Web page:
Music of Today - November: Sonica, HCMF, Oliver Knussen, the Arditti Quartet and Heiner Goebbels | Classical music reviews, news & interviews
Music of Today - November: Sonica, HCMF, Oliver Knussen, the Arditti Quartet and Heiner Goebbels
New monthly survey of the latest developments in contemporary sound and music
Arditti String Quartet, Wigmore Hall, 31 October ****
November is always a good month for new music. This year saw the interest begin a day earlier. Whichever wag chose to hand over Halloween at the Wigmore Hall to two of the most uncompromising contemporary string quartets, however, was denied a fitting punchline. The young JACK Quartet were grounded in New York by Sandy, and the venerable Ardittis chose to programme works that weren't half as terrifying as hoped.
Mauro Lanza's new octet was to see the upstart quartet perform with the old pros. Without the JACK's, however, we got Wolfgang Rihm's String Quartet No 13 (2011). A work of what the programme notes suggested would be a precisely notated and computer-derived chaos was swapped for one of uncomplicated and unabashed neoromanticism. Playing to convention, Rihm told a story and told it well. The Ardittis showed that they could construct as well as deconstruct. And the concert ended warmly and safely. Which belied where we had begun.
In Saunder's Fletch what starts off as an exercise in description moves into something much more feeling and interior
James Clarke's String Quartet (2002-3), which opened the night, is a self-contained and self-sustaining work that spits fire like a catherine wheel. Here, there was no feeling of being shortchanged (we were originally meant to hear a Clarke UK premiere for two string quartets, 2012-S). The balletic team-work of the opening, which used the glissando as a building block, was very Merce Cunningham - full of stiff arms, tensed legs and sudden sweeps. Clarke explores this formal but intense dance for two thirds of the work's length then allows the piece to atrophy and split apart through repetitive wear and tear. And, just as one was becoming weary with the patterning, the work crumbles to a ravishing end.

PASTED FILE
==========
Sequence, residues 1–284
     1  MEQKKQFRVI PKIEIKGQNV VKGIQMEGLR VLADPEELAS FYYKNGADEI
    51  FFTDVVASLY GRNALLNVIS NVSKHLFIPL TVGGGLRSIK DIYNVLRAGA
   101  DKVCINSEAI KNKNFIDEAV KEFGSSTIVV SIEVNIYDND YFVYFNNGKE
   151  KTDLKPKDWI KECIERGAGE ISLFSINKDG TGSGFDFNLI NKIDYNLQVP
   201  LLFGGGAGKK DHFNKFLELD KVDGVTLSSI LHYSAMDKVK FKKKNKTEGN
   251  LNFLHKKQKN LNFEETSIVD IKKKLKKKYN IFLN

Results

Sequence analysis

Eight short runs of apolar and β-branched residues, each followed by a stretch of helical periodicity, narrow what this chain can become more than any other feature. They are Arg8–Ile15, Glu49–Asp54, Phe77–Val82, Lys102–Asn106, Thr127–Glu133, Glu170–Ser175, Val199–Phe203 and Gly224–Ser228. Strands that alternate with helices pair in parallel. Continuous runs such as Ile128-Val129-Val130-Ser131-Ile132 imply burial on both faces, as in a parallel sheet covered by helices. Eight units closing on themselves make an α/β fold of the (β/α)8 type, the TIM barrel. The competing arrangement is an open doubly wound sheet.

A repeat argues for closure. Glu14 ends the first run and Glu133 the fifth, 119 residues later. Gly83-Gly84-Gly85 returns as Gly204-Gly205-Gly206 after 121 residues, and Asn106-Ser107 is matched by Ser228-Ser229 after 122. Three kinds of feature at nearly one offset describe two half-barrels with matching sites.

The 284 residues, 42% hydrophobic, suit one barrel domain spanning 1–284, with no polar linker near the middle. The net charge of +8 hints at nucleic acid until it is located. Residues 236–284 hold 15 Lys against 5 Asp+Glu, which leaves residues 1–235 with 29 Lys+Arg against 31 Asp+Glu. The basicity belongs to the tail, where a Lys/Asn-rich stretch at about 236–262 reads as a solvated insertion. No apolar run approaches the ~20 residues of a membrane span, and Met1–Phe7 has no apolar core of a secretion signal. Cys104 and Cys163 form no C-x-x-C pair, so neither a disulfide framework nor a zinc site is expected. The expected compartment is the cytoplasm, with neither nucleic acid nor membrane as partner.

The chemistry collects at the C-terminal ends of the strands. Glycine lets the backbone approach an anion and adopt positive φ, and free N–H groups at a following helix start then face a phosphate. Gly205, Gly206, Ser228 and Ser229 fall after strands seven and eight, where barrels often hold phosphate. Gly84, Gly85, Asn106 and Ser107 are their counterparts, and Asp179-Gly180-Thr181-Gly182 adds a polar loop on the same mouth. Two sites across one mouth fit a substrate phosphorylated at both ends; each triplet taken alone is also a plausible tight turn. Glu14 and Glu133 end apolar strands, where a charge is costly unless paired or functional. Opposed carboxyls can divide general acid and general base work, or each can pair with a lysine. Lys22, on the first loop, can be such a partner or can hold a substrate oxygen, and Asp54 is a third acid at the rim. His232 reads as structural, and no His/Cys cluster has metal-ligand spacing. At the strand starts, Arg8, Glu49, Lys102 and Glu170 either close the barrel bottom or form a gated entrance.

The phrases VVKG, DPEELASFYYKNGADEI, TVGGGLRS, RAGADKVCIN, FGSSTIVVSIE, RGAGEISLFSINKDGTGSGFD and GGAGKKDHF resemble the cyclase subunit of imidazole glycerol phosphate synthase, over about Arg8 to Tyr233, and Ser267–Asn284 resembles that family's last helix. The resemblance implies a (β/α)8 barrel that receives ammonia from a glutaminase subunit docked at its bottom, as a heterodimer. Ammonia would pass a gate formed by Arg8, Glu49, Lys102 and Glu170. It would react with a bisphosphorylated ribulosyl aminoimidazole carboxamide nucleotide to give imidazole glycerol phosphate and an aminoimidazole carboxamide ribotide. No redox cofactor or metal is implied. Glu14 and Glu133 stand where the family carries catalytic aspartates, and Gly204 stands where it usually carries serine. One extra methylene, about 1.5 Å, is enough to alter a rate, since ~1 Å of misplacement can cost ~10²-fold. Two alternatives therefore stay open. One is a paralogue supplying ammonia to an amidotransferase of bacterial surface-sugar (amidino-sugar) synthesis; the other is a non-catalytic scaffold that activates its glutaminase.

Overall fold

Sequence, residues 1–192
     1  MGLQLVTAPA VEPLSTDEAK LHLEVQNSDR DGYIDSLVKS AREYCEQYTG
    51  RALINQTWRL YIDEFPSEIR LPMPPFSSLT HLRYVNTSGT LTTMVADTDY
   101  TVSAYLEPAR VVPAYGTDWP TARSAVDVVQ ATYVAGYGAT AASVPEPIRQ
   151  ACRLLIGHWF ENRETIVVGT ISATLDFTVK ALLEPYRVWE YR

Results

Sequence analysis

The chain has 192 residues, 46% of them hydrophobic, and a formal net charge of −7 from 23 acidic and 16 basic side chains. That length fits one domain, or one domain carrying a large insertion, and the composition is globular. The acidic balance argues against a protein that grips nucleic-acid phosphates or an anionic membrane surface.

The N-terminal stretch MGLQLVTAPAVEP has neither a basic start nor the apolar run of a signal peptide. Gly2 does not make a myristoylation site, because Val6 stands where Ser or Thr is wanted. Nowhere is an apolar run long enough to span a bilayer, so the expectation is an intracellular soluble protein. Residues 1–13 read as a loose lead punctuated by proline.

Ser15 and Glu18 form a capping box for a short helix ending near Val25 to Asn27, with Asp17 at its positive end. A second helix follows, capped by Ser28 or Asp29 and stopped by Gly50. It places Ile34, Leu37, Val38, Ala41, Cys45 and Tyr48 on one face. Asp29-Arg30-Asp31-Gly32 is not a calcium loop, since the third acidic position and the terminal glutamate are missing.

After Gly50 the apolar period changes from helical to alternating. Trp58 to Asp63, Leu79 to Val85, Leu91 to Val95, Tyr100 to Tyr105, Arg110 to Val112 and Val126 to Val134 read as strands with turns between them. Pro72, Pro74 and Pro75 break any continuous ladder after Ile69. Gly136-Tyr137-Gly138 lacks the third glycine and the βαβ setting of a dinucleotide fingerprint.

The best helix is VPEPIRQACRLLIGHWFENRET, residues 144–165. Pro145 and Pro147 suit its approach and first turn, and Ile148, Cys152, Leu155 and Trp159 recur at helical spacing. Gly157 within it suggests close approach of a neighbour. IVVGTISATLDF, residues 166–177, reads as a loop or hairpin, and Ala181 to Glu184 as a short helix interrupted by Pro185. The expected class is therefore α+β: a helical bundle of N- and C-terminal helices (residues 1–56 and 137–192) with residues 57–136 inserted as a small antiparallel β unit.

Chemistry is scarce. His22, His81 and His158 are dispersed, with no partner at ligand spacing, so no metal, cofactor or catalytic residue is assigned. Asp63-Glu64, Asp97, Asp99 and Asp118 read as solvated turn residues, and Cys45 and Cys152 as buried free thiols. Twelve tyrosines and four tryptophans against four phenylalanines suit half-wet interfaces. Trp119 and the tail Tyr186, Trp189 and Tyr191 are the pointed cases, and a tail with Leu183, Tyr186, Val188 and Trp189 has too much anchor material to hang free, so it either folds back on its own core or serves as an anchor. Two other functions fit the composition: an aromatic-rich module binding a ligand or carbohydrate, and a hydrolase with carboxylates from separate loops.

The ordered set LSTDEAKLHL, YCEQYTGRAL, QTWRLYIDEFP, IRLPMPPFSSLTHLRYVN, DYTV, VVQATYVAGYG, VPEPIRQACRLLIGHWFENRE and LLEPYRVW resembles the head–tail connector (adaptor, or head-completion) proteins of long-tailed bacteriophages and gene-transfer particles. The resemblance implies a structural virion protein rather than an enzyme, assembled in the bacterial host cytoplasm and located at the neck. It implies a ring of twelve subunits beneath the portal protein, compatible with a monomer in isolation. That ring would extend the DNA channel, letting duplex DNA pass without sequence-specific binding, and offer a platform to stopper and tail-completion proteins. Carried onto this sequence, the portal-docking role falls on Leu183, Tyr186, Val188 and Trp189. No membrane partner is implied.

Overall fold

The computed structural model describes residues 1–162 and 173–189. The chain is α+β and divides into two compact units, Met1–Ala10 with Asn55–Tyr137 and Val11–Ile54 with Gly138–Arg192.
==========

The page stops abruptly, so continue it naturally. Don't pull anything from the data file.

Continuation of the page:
Formally Rebecca Saunders' Fletch (2012) was similar, avoiding ennui by a judicious change of tack. In Saunders the shift was emotional. What starts off as an exercise in extended technique and description - the flight of a fletched arrow delivered in stabs sul ponticello - moves into something much more feeling and interior. And as we burrowed deeper into this world - the cello and violas detuning their instruments mid-performance - Saunders also frees herself of both metaphor and influence and begins to explore more bleak and interesting territory.
The most straightforward work, the Hans Abrahamsen Fourth String Quartet (2012) (which was being given its UK premiere) was the most affable but the least memorable of the four works. Too many of the movements (the only one on the programme to offer divisions in this way) resembled other styles: Messiaen in the first movement, Copland in the last. Still, in the hands of the Ardittis, the hocketing in the second movement and the pizzicato passacaglia of the third meant a pretty enjoyable time could still be had.
Subscribe to theartsdesk.com
Thank you for continuing to read our work on theartsdesk.com. For unlimited access to every article in its entirety, including our archive of more than 10,000 pieces, we're asking for £2.95 per month or £25 per year. We feel it's a very good deal, and hope you do too.
To take an annual subscription now simply click here.
And if you're looking for that extra gift for a friend or family member, why not treat them to a theartsdesk.com gift subscription?
more Classical music
A giant among film composers, virtuoso bass playing and rousing romantic overtures
Grand scale, fresh approach to a familiar Latin hymn
The young British pianist talks about rare repertoire and his suspicion of major competitions
Not enough choir, too much choreographed perfection for a true John Cage happening
Challenging string music superbly played, though ultimately fatiguing for mere mortals
Fresh imagination in Rachmaninov, weird Sibelius and affirmative Nielsen
A baroque Passion in a fresh staging, valveless brass-playing and delectable French chamber music
Heroines and hysterics with Stravinsky, Ligeti, Berg and Webern
A winter journey where the trauma is real and unsettling
Dutch violinist and Israeli pianist fail to match expectations in Shostakovich and Ravel
Starry line-up makes the best possible case for Schumann’s great oratorio
Terry Riley's minimalist masterpiece sweeps all before it in this memorable concert